The Korean people’s memories of decades of Japanese occupation and their mistreatment at the hands of Japanese colonialists are primary reasons for the anti-Japanese sentiment that is still prevalent in modern Korean society.  Like their counterparts in Formosa and the Ryukyu Islands (other colonies seized by Japan between 1878 and 1895), many Koreans during occupation grew up believing that their destiny was to be second-class Japanese citizens (Ishide, 2000).  As Lee Won-kuk (Korean karate pioneer and founder of the Chungdohwe) said, “I never thought that Korea would win its independence from Japan” (Lee, 1997). Nevertheless, World War II brought an end to the Japanese empire and Korea was freed from Japanese dominance.  For decades to come, Republic of Korea (ROK) politicians used anti-Japanese sentiment to foster Korean nationalism. In the case of taekwondo, this was one of several political forces that would be used to consciously separate taekwondo from its origins in karate (Capener, 1995).

Japan’s unconditional surrender to the United States on August 15, 1945 resulted in an immediate power vacuum in Korea.  The short-lived People’s Republic of Korea (PRK) was established within the next two weeks in an attempt to bring order and Korean control to the Korean peninsula.  During World War II, socialists, communists, capitalists and nationalists were united against a common foe:  Japan.  Following the war, these former allies became enemies in a new, “cold war” between capitalist and communist powers, represented primarily by the United States (US) and the Union of Soviet Socialist Republics (USSR).  While the PRK was attempting to establish itself as a legitimate government, the United Nations was developing plans for a trusteeship administration, assigning temporary control of Korea north of the 38th parallel to the USSR and south of the 38th parallel to the US.  Alarmed by the precarious geographic position of South Korea and the disunity between the PRK and the Provisional Korean government (that had been established in exile in 1919 in Shanghai, China), the US feared the possibility of South Korea falling under communist control.  Therefore the US sent armed forces to Korea in September 1945, establishing the US Military Government in Korea (USAMGK), which to many Koreans’ disappointment reappointed many Japanese colonial administrators and their Korean police collaborators (Cumings, 1981: 126; Hart-Landsberg, 1998: 71-77).  Although the PRK had lasted as a government for less than one month, it remained popular with Koreans and continued to function unofficially as an alternative to the USAMGK, until it was forcefully dissolved by the USAMGK in January 1946.  Many Koreans felt that, after gaining independence from Japan, they were losing it again to two competing superpowers that viewed Korea as the “line in the sand” between their diverging ideologies.  Therefore, despite the presence of considerable American and Soviet forces in a divided Korea, civil unrest continued throughout the Korean peninsula until the outbreak of the Korean War in 1950.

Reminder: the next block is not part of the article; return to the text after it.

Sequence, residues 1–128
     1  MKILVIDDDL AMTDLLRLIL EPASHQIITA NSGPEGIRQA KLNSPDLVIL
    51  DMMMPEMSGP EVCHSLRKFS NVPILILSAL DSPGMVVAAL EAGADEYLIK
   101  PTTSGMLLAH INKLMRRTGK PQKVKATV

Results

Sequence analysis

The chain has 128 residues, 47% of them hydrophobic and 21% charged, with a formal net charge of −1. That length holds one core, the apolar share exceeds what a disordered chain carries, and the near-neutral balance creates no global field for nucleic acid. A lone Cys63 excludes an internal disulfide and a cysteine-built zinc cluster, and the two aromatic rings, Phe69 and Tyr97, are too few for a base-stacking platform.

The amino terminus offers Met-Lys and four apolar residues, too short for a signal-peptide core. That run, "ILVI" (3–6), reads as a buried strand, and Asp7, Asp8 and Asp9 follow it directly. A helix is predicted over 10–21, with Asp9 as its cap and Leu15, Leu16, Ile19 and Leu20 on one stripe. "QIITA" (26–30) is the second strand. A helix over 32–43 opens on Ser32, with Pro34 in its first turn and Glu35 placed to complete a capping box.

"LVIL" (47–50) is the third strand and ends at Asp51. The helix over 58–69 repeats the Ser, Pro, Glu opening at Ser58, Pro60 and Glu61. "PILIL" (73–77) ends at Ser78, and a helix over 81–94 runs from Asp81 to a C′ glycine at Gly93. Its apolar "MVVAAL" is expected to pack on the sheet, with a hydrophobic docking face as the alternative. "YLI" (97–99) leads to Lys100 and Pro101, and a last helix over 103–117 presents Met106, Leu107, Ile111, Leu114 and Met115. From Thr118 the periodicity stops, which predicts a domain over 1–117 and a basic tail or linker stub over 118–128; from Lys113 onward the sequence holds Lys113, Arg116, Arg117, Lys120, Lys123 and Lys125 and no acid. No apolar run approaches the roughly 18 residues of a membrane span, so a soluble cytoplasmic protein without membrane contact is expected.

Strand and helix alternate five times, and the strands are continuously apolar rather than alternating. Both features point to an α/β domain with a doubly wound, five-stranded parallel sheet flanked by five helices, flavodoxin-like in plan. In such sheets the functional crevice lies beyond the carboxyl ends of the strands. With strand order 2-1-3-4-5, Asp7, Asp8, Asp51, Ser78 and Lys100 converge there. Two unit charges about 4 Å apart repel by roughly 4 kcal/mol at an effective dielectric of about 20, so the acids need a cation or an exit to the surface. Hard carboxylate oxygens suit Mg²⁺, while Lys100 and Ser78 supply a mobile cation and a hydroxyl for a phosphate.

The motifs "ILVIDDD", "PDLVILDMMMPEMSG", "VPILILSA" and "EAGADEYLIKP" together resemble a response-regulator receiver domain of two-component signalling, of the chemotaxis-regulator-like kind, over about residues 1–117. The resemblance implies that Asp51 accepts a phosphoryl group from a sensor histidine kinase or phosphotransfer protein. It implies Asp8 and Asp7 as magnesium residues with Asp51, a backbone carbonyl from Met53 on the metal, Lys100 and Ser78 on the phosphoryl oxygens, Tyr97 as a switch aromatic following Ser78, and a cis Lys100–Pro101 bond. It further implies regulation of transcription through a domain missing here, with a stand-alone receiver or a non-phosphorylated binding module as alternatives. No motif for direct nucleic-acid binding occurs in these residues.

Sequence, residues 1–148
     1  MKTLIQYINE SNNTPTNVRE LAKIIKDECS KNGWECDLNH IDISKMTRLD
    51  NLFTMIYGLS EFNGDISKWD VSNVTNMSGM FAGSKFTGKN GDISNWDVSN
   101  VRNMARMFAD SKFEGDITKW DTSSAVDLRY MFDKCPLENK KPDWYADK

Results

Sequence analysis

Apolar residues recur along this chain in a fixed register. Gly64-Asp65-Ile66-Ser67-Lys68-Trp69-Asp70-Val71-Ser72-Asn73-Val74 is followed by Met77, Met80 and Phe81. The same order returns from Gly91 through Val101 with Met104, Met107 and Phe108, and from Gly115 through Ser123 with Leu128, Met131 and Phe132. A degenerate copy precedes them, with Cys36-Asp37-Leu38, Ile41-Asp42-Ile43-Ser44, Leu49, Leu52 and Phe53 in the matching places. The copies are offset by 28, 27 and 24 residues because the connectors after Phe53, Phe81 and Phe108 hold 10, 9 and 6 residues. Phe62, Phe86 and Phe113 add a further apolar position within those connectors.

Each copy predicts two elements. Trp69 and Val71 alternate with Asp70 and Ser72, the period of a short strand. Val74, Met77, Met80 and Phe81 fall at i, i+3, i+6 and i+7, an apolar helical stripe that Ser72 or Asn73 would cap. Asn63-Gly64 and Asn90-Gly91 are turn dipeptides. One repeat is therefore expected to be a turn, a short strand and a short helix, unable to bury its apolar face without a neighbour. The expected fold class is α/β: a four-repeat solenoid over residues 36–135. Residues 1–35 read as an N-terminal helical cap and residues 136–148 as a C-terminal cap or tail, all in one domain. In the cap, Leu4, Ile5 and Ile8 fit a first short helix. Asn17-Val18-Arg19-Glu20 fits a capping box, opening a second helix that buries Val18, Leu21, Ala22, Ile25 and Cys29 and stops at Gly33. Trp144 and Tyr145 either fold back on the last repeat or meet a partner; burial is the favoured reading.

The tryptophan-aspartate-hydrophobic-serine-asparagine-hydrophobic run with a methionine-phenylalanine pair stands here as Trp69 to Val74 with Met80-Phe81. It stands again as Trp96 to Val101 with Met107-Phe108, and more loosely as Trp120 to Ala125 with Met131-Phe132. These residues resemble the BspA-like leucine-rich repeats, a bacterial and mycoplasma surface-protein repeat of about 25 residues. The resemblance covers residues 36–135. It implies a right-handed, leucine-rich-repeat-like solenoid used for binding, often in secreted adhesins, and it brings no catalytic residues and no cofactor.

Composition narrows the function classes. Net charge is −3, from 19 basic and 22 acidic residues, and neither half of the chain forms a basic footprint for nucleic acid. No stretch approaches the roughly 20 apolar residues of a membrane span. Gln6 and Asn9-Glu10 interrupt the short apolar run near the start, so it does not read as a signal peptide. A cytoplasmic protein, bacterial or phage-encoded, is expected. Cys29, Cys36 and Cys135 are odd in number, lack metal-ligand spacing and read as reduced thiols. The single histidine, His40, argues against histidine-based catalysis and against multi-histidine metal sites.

Korea and 38th Parallel

Korea and 38th Parallel

Speaking of the social and political upheaval of this period, Lee Won-kuk said, “There was civil unrest and violence associated with the establishment of the independent government.  Gangs and political groups fought each other in the streets.” (Lee, 1997).  In response to gang use of tangsoodo (Korean: “China hand way” or “karate”) in street fighting, the USAMGK (US Military Goverment In Korea) declared martial law in 1946, suppressed the practice of tangsoodo, and  “refused to allow the teaching of tangsoodo in government facilities such as schools” (Lee, 1997).  During this time, tangsoodo continued to be taught in private facilities.  For example, Lee taught tangsoodo at the Tae Go Sa, a Buddhist temple in Seoul (Lee, 1997, Massar & St. Cyrien, 1999).